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February 9, 2015

I am fifteen, just admitted to the sacred precincts of my church’s Youth Group.

My first official youth activity? A volleyball game with the Hayward youth–those cool, smart, and with-it peopleย  who live about an hour to the north and are driving down specially to play with us, the inelegant, un-cool Sheldon youth.

We are farm kids who ride to church in our parents’ dust-covered clunkers and rarely play volleyball, because there aren’t enough of us to go round.

But this evening, the night of my first official youth attendance, there will be a volleyball game. I have played volleyball–that time-honored Mennonite tradition–maybe once or twice in my life, and am uneasy now at the thought of playing with strangers. But like a dumb sheep, I go to the game with my sisters–because I am fifteen and the only thing worse than attending and making a fool of myself is not attending at all.

At the game, the line of girls, the line of boys. The numbering off and dividing into teams. The smart smack of volleyball on gym floor, the squeak of someone’s Nikes , the “good tries” and “nices,” the quick high fives, the stepping efficiently from one team position to the next.

And me, trapped in an eerie, place-less world of my mind, ย a world where my identity has drifted from me and settled like a corpse on my shoulders, watching.

It is a world where I don’t know the rules, where the laws of gravity and thermodynamics no longer function properly, where the white ball suspended in the air above me may land anywhere: on my nose, on the top of my head, two feet in front of me, two feet behind me.

A hopeless world, where every self sermon to “try harder” and “pay attention” and “put yourself out there” is interrupted by an unmistakable knowledge that this person standing here–quiet, immobile, her dress hanging from her as plain and milkmaid-ish as cheese–is an idiot who can’t play volleyball to save her life.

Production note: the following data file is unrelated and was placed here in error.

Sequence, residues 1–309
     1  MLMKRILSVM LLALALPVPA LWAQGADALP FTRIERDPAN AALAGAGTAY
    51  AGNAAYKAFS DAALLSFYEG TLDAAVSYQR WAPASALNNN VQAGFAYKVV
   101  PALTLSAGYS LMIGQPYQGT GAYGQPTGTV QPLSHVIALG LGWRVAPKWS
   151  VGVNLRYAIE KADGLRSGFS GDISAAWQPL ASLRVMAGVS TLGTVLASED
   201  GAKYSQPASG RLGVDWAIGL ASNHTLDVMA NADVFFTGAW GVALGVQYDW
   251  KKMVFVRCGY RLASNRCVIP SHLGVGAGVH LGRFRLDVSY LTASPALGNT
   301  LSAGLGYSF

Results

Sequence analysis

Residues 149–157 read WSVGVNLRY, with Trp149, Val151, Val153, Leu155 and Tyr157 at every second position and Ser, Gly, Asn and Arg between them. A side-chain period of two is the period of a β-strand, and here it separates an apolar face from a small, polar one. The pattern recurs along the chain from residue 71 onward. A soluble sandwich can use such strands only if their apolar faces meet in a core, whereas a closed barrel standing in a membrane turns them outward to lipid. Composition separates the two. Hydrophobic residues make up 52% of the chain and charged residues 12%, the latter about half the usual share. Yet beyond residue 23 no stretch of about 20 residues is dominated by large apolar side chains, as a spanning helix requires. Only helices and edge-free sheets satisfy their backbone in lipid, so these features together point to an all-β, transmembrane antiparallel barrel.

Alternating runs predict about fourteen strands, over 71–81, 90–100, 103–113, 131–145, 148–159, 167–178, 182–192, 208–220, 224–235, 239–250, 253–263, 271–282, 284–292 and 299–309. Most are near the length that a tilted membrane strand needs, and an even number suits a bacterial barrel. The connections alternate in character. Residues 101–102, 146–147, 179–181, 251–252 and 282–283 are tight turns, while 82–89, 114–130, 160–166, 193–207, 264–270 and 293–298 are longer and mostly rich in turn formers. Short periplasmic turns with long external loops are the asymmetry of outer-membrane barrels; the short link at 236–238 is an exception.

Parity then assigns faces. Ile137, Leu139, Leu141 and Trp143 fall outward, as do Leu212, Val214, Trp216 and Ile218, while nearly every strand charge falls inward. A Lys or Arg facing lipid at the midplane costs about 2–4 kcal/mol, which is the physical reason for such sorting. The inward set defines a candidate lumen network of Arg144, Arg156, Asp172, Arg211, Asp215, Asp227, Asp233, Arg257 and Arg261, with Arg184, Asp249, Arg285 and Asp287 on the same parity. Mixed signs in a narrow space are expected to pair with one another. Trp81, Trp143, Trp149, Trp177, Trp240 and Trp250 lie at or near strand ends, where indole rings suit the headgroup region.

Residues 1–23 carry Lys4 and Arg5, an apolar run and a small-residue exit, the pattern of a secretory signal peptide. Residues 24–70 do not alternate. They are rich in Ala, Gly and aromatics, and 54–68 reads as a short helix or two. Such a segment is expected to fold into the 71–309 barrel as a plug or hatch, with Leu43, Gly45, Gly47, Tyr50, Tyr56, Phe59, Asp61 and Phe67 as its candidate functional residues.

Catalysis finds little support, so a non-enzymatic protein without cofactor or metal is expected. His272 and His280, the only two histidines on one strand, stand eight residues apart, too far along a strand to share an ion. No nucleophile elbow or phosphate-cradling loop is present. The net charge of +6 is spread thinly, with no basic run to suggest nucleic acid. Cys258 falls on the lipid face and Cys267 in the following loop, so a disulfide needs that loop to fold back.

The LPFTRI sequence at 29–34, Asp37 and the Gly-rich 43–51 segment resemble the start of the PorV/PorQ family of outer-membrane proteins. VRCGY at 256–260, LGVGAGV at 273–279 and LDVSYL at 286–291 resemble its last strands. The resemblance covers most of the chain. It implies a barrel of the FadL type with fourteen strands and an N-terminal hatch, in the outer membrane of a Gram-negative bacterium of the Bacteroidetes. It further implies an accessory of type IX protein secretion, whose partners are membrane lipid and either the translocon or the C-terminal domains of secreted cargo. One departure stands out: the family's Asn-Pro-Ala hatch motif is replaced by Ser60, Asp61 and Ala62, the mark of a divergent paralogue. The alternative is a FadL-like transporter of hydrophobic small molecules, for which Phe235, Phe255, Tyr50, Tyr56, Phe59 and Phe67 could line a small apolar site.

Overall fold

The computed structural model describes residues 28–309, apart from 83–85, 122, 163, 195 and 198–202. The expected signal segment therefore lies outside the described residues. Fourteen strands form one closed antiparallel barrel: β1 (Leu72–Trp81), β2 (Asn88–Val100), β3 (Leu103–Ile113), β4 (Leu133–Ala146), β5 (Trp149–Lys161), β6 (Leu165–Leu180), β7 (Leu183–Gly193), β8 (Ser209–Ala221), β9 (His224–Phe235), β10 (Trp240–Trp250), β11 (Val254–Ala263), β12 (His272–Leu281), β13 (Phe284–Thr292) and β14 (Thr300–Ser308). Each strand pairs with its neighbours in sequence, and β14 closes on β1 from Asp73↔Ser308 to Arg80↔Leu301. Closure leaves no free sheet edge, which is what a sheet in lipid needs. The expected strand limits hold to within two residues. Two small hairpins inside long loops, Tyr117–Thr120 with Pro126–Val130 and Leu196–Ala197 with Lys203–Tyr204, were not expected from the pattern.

They hit the ball to me sometimes, and, blindly, my mind in a whirl, I bat it with my palms. Mostly it hits the top of the net and falls to the floor on our side, but once it goes over.

“Good job,” says the dark-haired guy next to me. He looks older than the others, short, with a pleasant aspect of enjoying-without-getting-too-involved impossible to teens. He smiles at me encouragingly. “What’s your name?”

“Luci,” I say, grinning. Grinning is the only makeup I own, and I wear it almost constantly. “What’s yours?”


The thing is above my head again, white and round. I have no idea of its distance or its trajectory, all I know is it is in the air above me. I lift my hands to bat it, and my fingers catch in my glasses. The glasses clatter to the floor.

I pick them up–embarrassed maybe, but not really–because this is only a part of the whole distant, goose-pimpled evening. This strange evening where I am enormously conscious of my body–my feet have become pillars, the covering on my head a tent–but my identity is only a corpse draped over my shoulders.

“Are you okay?” Wendell asks. He looks sympathetic, paternal.

“Yeah,” I say, smiling.

I wonder if he knows how he burned his face and his sympathetic aspect into my mind, how years later, when I have no idea where he is or what has happened to him, I still remember his person with respect.


  1. Oh, the all consuming misery we inflict upon ourselves when we are sure everyone is noticing our every breath when, in fact, they are so concerned about their own breaths they never noticed ours once! Thank God for “Wendells” in this world ๐Ÿ™‚


  2. “The thing is above my head again, white and round. I have no idea of its distance or its trajectory, all I know is it is in the air above me.” Is it that bad anymore? ๐Ÿ™‚ That line amused me!

  3. Luci! This is me all over (without the glasses). I absolutely despise playing volleyball with people that are good at it. ๐Ÿ™‚ I Love this post! Thanks Luci!

  4. Your descriptions are great. Although I now love the game (still aren’t very good at it though!) I’ve been there – in that same sort of “world” that you mentioned. It brought it all back — even the breathless feeling of waiting to see if by some miracle I’d be numbered onto the same team as Packy. ๐Ÿ™‚